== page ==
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Johanna Lindsey


Books by Johanna Lindsey
Say You Love Me by Johanna LindseySay You Love Me by Johanna Lindsey
Left penniless and in dire straits, Kelsey Langton realizes that only by allowing herself to be sold at auction can she rescue her sister's future. So the proud, desperate lady enters the infamous House Read More...
Pages: 424
Accolades
New York Times Best Seller

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No Choice But Seduction by Johanna LindseyNo Choice But Seduction by Johanna Lindsey
After her mother died, vivacious Katey Tyler fled her dull Connecticut town, hoping to meet her relatives in England and find adventure and romance on a grand tour of Europe. She had no idea that her life-changing Read More...
Pages: 480
Accolades
New York Times Best Seller

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Marriage Most Scandalous by Johanna LindseyMarriage Most Scandalous by Johanna Lindsey
When Sebastian Townshend, son of the eighth Earl of Edgewood, was banished from his family due to the tragic results of a duel, he vowed never to return to England. Now living on the continent, Sebastian Read More...
Pages: 424

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Popular Picks
ZERO PERCENTILE: Missed IIT Kissed Russia
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ZERO PERCENTILE: Missed IIT Kissed Russia
by Neeraj Chhibba
Zero Percentile is a heady cocktail of the fascinating adventures of Pankaj, a less favoured son of destiny across two completely different countries, India and Russia.

As a brilliant young boy Pankaj never imagines that he will ever be swamped with problems. Life with his friends Motu and Priya is fun. Always destined to go to IIT, a cruel accident makes him end up in a place he had never heard of before, Volgograd a Russian City of Heroes, so-called for its role in the Second World War for stopping Hitler's assault on Russia.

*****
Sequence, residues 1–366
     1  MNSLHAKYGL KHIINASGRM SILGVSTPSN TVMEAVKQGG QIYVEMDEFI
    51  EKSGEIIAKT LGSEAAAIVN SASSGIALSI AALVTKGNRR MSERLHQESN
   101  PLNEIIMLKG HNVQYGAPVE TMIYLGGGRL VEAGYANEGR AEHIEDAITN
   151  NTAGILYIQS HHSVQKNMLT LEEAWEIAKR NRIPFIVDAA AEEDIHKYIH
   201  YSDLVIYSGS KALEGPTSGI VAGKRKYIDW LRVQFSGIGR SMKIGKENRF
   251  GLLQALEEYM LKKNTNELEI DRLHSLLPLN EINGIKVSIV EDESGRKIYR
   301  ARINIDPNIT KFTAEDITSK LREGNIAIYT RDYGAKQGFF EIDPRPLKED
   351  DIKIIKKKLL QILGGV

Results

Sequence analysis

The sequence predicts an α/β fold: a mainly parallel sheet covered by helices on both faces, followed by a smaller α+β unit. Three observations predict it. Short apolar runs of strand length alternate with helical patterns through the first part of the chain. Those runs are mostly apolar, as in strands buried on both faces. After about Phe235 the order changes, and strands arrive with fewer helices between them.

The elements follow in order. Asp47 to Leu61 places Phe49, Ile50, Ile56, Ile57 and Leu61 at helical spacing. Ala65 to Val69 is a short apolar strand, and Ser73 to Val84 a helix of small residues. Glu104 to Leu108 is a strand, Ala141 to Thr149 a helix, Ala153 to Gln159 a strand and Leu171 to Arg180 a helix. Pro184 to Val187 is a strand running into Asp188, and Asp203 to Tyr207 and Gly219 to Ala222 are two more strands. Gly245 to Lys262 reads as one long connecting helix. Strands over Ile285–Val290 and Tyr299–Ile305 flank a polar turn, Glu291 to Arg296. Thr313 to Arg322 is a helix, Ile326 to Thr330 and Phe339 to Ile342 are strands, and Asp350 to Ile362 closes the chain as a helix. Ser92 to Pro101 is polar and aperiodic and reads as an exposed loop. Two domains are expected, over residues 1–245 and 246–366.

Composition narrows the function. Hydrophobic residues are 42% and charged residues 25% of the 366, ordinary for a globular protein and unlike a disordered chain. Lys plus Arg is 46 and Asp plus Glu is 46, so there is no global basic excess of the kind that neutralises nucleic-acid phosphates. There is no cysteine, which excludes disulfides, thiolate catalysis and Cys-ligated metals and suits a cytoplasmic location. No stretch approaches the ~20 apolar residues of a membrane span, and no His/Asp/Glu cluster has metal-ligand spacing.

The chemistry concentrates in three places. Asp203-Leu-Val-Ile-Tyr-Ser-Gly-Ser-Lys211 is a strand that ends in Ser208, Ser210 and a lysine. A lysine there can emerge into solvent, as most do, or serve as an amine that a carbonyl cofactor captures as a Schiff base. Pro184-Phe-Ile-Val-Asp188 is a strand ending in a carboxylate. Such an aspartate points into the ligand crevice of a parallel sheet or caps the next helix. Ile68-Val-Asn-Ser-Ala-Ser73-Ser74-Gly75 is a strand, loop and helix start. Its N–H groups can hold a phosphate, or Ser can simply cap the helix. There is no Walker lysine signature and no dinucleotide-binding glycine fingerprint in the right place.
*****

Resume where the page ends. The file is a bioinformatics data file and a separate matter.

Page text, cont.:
At hostel, in Volgograd, life is entirely different. There, not brain but brawn rules, which makes him land in jail after being induced into a gruesome brawl over food, with other very powerful and aggressive hostellers. Desperate for a win, he masterminds a coup, but makes the Dean his enemy instead who becomes hell-bent on destroying him. The journey never eases for him after that. Under extreme peer pressure he tries hard to lose his virginity and then cope with the agony of his best friend Nitin getting infected with HIV.

After his father's death, he struggles to sustain himself in a highly expensive, newly capitalist Russia. His seniors, who he always looks upto as Gods unexpectedly turn into his enemy and conspire to ruin him with the help of the local mafia. He takes the gauntlet of fighting all these adversities and emerges victorious ultimately only to succumb to love.

Neeraj Chhibba was born and raised in India. He studied engineering at Volgograd, Russia, where he spent almost seven and a half years of his life. He is currently employed with a software company in India. His single claim to literary honours is a "Highly Commendable" certificate in Class X in an English Essay Competition organised by the Royal Commonwealth Society and he himself was surprised to be the only one in New Delhi to have received it that year in his category. He could perhaps have done more but the pressure of succeeding professionally and earning bread made him turn away from writing. This is his first book. And if you like it, he promises, there would be a lot more.
Nehru: A Contemporary's Estimate
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Nehru: A Contemporary's Estimate
by Walter Crocker
"Over two periods between 1952 and 1962 it was my job to watch Nehru day by day. Had may job in Delhi been anything else I would still have watched him, out of interest, almost helpless interest. He was interesting because of his political importance but still more interesting because of himself"- Walter Crocker

This book " Sums up Nehru the man, and Nehru the politician, better than any other work of scholarship I have read" Ramachandra Guha
Interpreter of Maladies: Stories of Bengal, Boston and Beyond
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Interpreter of Maladies: Stories of Bengal, Boston and Beyond
by Jhumpa Lahiri
Navigating between the Indian traditions they've inherited and the baffling new world, the characters in Jhumpa Lahiri's elegant, touching stories seek love beyond the barriers of culture and generations. In "A Temporary Matter," published in The New Yorker, a young Indian-American couple faces the heartbreak of a stillborn birth while their Boston neighborhood copes with a nightly blackout. In the title story, an interpreter guides an American family through the India of their ancestors and hears an astonishing confession. Lahiri writes with deft cultural insight reminiscent of Anita Desai and a nuanced depth that recalls Mavis Gallant. She is an important and powerful new voice.